As I work through the new material for the new edition of Keywords, I’m going to occasionally post here some excerpts, outtakes, and other material that comes up.
Liberalism, writes Raymond Williams, is a “doctrine of possessive individualism.”
“Possessive individualism” was coined in 1964 by C.B. Macpherson, a Canadian socialist and political theorist who described it as a “unifying idea” of the political thought of the seventeenth through the nineteenth centuries, during the long struggle for a more liberal state in England. To cut a long story short, he argues that human freedom came to be seen as self-possession: a free man was “the proprietor of his own person,” Macpherson put it (in more contemporary terms, this might be something like “your own boss”). This self-proprietorship is what makes us “free and human,” and politics is the medium by which individual proprietors peacefully regulate their claims with other self-proprietors.
Possessive individualism understands the freedom of the individual along the lines of the market—the freedom and humanity of a person depends on his freedom to pursue their own self interest through relations with others, and without dependence upon others. As Macpherson argues, this takes a relatively recent European contrivance—private property and ownership—and treats it as a natural, universal trait, the basis of what it is to be human. This is a conceptual problem that becomes a serious political crisis, he writes, in the twentieth century, as the rise of class societies and a working-class political movement throw into sharp relief the gap between metaphorical and literal “ownership.” If we are all proprietors of ourselves, in a class-stratified market society some people own more of themselves than others.
Which brings us to owning the libs, a metaphorical treatment of ownership of another as domination. In most contexts, this use of “own” is obviously ironic and even self-deprecating, without any trace of literal subjugation or anything: one declares oneself “owned” when you’re a good sport about another’s joke. But when used in earnest (as, incredibly, it still sometimes is) on the right, “own the libs” comes all the way back to the concept of possessive individualism. Here, as in “possessive individualism,” ownership is used figuratively, but it derives from a property relationship that is taken as a natural fact—that is, that there is something eternal and natural about the individual ownership of and trade in land, goods, and human labor as commodities.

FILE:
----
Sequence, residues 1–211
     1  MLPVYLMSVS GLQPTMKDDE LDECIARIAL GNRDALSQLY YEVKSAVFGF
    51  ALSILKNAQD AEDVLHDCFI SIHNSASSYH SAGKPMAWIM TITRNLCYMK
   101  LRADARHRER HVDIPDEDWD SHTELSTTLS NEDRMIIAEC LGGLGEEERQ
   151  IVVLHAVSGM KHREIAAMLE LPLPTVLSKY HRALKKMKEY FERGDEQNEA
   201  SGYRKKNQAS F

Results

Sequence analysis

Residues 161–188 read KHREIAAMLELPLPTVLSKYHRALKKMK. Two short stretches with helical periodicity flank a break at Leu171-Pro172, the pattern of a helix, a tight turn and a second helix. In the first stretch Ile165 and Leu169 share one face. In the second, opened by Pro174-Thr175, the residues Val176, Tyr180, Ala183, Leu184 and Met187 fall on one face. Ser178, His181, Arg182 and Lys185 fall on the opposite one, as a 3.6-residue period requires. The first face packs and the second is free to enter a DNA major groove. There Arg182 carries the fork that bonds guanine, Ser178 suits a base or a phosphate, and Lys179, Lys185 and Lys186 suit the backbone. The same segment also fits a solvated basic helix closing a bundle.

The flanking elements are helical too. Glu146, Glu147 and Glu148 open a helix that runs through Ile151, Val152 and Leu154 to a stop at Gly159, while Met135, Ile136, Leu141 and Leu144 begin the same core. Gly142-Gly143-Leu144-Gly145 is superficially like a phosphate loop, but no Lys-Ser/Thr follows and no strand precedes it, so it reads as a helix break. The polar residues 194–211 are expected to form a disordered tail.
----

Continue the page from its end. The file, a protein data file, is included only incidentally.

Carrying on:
Video game conventions, where the verb “to own” comes from, make an excellent example of this doctrine of individuality. Players typically play as discrete individual characters, who they customize in various ways as a surrogate self: a unique name, hair color, a set of skills, weapons, or other attributes. Even games in which users participate together still operate as a loose collection of individuals. (When I briefly ventured into online gaming, I was regularly berated by my supposed “teammates,” with whom I was ostensibly an equal but who were the proprietors of better endowed selves, an experience uncannily similar to everyday political life.) To own another player is to dominate them. If “man is free and human by virtue of his sole proprietorship of his own person,” and if political society is a contrivance to regulate the interaction of these proprietors, then the greatest political coup would be to disrupt the self-proprietorship of one’s enemies. They, who cannot properly own themselves, must therefore be owned.